US Senate Democrats failed Thursday in a bid to quickly pass legislation that would dramatically increase oil firms' economic liability after massive spills like the one soiling the Gulf of Mexico.
The measure, pushed by lawmakers from New Jersey and Florida, would raise the ceiling on damages an oil company could have to pay for things like lost tourism or fishing revenue from 75 million dollars to 10 billion.
The bill is one of many seeking to show voters ahead of November elections that the US Congress is tough on oil companies like British energy giant BP in the wake of the Deepwater Horizon catastrophe.
Democratic Senators Robert Menendez, Frank Lautenberg, and Bill Nelson sought immediate passage by the "unanimous consent" of all senators, but Republican Senator Lisa Murkowski objected, temporarily stalling the legislation.
Murkowski, from Alaska, a top US oil-producing state, said she favored raising caps in principle but warned of "unintended consequences" from such a move, saying that it could squeeze small or mid-size oil firms out of the offshore drilling business.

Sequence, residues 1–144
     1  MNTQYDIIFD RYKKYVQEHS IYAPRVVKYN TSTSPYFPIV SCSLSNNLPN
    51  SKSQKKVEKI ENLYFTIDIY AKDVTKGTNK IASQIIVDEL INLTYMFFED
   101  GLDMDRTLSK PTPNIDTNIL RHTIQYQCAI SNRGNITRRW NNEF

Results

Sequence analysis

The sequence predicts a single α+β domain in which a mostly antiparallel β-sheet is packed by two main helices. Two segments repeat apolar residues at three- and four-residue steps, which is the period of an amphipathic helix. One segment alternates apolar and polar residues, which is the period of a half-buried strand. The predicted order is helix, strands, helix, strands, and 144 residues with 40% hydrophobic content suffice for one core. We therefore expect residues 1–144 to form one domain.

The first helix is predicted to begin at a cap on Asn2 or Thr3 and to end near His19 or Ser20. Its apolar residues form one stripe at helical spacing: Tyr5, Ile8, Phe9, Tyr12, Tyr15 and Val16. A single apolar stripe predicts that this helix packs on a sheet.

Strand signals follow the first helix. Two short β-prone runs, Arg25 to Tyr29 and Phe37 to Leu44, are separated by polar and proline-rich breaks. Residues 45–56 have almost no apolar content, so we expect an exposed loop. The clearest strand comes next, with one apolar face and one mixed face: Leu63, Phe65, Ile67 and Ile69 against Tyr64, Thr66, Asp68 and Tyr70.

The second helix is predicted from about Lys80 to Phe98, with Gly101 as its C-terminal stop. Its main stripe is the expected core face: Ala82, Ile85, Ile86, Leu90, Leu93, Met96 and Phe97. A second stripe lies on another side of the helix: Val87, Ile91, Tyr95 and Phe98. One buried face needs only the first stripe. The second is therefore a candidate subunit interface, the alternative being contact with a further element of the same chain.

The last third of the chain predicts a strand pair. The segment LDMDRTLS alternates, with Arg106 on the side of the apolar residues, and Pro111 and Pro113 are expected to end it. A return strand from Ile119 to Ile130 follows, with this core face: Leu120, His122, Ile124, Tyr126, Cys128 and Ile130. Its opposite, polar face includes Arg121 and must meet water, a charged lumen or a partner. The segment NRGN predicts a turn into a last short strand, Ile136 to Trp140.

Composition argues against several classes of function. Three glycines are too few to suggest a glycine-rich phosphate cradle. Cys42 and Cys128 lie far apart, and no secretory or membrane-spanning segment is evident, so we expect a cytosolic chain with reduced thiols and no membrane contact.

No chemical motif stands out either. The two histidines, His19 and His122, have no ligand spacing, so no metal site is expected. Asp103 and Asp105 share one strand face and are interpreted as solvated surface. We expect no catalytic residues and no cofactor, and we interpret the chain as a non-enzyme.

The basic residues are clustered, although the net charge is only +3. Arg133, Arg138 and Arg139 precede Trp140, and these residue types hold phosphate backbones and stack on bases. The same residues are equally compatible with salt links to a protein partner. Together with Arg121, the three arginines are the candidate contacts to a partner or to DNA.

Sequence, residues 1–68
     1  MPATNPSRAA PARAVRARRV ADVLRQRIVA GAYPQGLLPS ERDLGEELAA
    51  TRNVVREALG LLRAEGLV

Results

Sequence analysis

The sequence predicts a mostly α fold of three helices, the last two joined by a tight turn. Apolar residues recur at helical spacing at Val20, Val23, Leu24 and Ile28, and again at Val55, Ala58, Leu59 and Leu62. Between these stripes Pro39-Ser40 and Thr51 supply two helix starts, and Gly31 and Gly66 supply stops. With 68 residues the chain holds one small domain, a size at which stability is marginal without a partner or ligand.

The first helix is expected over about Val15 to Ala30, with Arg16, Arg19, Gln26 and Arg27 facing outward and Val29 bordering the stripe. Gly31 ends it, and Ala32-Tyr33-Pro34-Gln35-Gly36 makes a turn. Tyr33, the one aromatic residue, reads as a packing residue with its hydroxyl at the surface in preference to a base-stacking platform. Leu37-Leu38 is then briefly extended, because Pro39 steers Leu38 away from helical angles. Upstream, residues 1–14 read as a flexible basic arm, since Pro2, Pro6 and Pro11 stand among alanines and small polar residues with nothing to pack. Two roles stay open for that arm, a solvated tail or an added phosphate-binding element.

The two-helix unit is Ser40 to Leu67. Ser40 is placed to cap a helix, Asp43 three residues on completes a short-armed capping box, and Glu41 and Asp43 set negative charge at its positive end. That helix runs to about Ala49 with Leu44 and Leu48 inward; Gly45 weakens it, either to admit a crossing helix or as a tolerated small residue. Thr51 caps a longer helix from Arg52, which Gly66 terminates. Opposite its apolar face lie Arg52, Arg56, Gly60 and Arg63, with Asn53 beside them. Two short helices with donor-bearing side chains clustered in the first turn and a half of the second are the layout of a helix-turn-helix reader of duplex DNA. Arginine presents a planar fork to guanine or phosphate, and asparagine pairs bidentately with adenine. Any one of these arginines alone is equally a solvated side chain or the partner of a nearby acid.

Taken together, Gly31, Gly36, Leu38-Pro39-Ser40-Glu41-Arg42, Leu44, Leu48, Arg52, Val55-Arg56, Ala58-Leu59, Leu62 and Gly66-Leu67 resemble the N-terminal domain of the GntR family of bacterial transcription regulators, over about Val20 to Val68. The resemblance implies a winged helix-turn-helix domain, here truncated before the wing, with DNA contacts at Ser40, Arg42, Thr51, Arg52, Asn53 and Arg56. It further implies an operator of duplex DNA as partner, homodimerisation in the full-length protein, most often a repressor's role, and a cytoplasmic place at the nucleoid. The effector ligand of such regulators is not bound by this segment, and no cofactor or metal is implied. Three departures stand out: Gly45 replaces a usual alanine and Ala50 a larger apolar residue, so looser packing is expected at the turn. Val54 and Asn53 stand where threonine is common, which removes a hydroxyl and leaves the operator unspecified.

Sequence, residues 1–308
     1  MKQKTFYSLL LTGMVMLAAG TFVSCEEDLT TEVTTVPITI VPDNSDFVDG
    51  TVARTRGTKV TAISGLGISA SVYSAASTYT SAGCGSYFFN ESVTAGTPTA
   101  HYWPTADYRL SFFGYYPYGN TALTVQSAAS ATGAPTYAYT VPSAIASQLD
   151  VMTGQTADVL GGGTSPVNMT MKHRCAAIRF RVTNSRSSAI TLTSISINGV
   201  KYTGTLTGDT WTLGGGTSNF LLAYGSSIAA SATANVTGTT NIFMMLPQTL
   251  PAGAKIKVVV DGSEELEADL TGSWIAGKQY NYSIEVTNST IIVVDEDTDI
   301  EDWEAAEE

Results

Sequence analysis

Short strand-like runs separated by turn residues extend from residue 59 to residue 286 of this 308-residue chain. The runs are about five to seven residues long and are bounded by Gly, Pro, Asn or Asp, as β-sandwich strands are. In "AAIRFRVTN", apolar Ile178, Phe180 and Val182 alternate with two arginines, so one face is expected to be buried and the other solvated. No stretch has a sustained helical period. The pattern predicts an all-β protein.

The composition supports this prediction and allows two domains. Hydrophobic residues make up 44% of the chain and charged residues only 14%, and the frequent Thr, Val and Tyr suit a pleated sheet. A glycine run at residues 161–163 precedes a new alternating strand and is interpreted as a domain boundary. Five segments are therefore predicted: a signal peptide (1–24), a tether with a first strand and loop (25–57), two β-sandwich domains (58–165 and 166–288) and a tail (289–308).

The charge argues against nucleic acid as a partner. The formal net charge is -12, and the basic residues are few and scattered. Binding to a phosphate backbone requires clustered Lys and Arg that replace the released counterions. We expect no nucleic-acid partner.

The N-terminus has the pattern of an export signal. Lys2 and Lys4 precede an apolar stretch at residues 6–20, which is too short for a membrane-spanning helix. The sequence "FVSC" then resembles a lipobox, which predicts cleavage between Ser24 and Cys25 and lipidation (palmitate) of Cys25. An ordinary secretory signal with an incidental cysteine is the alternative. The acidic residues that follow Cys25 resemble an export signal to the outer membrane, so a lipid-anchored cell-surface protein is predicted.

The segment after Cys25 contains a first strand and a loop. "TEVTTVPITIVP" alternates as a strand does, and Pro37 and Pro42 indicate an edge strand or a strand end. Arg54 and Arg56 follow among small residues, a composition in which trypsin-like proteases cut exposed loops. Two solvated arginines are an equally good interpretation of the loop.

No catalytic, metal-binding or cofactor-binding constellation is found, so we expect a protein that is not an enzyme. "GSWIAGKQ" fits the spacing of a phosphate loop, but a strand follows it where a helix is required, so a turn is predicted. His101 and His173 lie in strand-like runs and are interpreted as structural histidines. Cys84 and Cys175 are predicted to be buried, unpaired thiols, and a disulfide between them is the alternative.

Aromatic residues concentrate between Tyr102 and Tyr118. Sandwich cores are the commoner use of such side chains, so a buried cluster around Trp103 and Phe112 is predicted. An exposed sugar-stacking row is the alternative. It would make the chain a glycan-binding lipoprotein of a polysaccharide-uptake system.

"Either you want to fully protect the small businesses and communities devastated by a man-made disaster, or you want to protect multi-billion dollar oil companies from being held fully accountable," said Menendez.
"Apparently, there are some in the senate who prefer to protect the oil companies," he said after the vote.
"Even children understand a basic rule: if you break it, you pay for it. But clearly there are some in the senate who don't think the rules of fairness should apply to Big Oil," said Lautenberg.
Not to be outdone, Republican Senators David Vitter of Louisiana and Jeff Sessions of Alabama unveiled legislation that would set the liability cap at a sum equal to the last four quarters of the responsible party's profits or double the current limit, whichever amount is greater.
"Under our bill, the bigger companies would be liable for more than the 10 billion dollar cap others propose," said Vitter, stressing that lawmakers must make oil firms "actually pay for their mistakes without chasing many of them out of business."
Source: AFP American Edition